Methane from Syngas by Anaerobic Digestion
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- Master i teknologi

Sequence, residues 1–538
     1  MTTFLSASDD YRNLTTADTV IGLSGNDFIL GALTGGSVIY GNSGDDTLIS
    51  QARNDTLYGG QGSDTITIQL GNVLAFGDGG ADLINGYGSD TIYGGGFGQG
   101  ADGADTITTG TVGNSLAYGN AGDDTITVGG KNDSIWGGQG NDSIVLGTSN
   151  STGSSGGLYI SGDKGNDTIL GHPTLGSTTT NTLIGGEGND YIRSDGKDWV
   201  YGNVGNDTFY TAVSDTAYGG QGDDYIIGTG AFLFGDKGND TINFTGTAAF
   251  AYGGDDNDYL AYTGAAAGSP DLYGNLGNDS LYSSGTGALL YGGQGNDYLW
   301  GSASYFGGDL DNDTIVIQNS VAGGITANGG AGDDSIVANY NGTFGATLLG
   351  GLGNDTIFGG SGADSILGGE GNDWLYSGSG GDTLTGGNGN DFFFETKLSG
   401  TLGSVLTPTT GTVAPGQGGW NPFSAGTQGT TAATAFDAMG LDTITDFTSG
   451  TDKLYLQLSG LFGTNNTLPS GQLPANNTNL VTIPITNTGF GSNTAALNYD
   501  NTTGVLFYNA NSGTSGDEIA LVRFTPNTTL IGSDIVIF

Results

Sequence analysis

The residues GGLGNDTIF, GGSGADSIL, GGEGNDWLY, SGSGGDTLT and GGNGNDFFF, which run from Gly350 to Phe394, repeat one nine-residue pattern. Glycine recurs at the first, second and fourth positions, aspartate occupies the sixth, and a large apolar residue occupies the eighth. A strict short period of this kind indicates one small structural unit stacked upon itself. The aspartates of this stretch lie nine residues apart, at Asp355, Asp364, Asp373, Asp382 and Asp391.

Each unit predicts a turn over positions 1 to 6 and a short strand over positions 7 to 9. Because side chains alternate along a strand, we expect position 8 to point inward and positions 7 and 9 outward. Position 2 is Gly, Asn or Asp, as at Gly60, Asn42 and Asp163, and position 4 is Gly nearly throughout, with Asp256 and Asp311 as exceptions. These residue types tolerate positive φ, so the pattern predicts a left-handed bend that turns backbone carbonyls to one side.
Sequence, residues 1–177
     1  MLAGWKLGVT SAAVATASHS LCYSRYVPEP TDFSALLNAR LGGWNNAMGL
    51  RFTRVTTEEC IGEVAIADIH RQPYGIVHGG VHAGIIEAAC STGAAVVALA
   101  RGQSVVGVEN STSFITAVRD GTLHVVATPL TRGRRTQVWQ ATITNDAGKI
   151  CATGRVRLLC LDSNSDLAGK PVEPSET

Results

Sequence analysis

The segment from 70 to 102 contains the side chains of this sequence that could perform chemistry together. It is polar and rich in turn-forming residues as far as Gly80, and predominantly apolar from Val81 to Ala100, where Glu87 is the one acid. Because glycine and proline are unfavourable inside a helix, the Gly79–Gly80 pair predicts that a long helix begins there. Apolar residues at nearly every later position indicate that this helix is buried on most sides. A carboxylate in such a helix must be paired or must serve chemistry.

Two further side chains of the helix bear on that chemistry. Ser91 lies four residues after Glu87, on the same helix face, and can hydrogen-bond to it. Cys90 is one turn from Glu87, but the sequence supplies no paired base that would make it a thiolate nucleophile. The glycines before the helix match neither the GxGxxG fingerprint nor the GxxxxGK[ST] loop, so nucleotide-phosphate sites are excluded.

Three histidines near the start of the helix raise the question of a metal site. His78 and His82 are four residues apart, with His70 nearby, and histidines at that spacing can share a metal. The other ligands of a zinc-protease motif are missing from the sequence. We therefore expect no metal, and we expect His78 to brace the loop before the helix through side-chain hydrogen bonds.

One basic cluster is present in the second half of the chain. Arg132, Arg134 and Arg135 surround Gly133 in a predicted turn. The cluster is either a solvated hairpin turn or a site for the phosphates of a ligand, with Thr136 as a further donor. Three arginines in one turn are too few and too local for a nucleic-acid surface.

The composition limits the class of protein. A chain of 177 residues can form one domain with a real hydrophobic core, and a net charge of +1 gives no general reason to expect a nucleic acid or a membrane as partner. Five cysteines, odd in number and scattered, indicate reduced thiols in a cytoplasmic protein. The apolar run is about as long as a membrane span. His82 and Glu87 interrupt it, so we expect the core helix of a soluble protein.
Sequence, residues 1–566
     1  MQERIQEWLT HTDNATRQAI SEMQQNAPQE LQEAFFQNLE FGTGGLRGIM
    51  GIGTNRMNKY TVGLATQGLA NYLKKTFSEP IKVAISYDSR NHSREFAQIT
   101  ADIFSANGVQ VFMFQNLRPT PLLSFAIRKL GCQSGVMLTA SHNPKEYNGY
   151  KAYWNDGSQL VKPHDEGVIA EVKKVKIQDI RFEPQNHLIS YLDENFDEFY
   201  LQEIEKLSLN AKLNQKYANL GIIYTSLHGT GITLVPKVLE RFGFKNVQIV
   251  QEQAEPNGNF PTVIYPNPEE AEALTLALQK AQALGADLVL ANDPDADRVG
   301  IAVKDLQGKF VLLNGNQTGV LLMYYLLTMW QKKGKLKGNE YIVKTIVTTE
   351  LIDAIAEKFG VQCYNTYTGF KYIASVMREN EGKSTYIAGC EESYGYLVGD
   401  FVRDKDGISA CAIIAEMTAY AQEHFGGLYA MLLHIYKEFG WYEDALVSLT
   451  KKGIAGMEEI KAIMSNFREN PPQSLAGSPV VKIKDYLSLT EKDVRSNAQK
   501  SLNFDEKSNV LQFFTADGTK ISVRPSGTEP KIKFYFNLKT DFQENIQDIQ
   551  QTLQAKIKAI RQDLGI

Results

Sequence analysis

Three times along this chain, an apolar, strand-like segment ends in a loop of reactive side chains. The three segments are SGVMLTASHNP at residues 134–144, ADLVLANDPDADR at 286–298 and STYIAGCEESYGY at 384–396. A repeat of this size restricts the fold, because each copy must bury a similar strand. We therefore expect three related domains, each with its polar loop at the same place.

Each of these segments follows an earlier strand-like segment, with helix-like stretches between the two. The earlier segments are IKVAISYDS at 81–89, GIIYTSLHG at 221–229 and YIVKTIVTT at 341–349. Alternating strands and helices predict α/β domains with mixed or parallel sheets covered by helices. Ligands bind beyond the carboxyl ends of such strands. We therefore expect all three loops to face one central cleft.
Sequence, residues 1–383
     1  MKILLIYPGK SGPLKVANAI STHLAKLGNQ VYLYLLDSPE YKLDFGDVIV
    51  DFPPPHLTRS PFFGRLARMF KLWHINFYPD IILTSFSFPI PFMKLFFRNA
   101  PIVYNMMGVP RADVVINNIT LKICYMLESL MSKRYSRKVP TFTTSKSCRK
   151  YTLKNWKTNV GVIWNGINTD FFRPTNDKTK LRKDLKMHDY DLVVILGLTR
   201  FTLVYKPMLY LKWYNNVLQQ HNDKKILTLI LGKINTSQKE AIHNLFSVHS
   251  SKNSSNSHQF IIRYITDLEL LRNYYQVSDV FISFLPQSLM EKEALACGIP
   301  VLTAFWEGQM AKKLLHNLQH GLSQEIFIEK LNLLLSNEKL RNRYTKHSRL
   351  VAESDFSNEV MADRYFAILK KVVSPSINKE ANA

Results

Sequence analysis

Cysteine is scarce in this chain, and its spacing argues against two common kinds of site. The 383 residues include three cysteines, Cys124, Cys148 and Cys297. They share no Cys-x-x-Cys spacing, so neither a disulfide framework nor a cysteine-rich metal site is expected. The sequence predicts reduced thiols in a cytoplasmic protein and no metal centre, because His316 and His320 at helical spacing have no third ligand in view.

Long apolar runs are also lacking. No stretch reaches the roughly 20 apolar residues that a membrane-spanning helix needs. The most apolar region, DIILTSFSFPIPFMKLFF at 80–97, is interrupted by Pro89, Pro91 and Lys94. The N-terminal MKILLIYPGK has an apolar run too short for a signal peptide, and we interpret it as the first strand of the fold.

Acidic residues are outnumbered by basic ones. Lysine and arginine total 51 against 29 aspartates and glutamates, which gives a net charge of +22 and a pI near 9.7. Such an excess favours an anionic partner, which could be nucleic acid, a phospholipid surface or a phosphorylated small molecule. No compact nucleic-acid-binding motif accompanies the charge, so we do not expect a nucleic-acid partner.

Anaerobic digestion is a prominent green technology used for methane production from organic waste. Previous studies have shown that CH4 in AD can be increased by adding inorganic electron donors such as H2 and CO. These can be for example; produced as syngas from wood. If so, AD could be a method to convert the syngas into methane. The principal of this thesis work is to implement syngas into AD. In this thesis, the principles were investigated by experimental work and modelling. The experiment did not give any useful result, but relevant experimental data was found in the literature. Modelling involves implementing syngas degradation pathways into the ADM1 model. Simulation is carried out by choosing an experimental sludge treatment study by Batchstone, a published pilot scale case with experimental data where model parameters were used as the best case. The case was further modified by a diffusive link in AQUASIM software. Three different compositions; the first one is pure hydrogen, and two other compositions of syngas are 86% H2, 7% CO and 7% CO2, and 44.4 % H2, 33.3 % CO and 22.2 % CO2 respectively were used for simulation. The CH4 production rate can be increased up to 40% by adding H2 and the threshold limit i.e. 𝐿𝑜𝑎𝑑 𝑜𝑓 𝐻2𝐿𝑜𝑎𝑑 𝑜𝑓 𝐹𝑒𝑒𝑑 ratio is 0.35(kgCOD hydrogen.day-1 / (kgCOD feed.day-1) where the threshold corresponds to pH going above 8.5. The maximum CH4 content in the produced biogas is around 94%. The addition of H2-rich syngas (composition of 86% H2, 7% CO and 7% CO2) shows more favorable condition than pure H2. 𝐿𝑜𝑎𝑑 𝑜𝑓 𝐻2𝐿𝑜𝑎𝑑 𝑜𝑓 𝐹𝑒𝑒𝑑 ratio is around 0.89 and CH4 production rate can be increased up to 60%. The CH4 content with H2-rich syngas is around 81%. The third composition of syngas (44.4 % H2, 33.3 % CO and 22.2 % CO2) produce more biogas but CH4 content obtained from simulation results is only around 49%.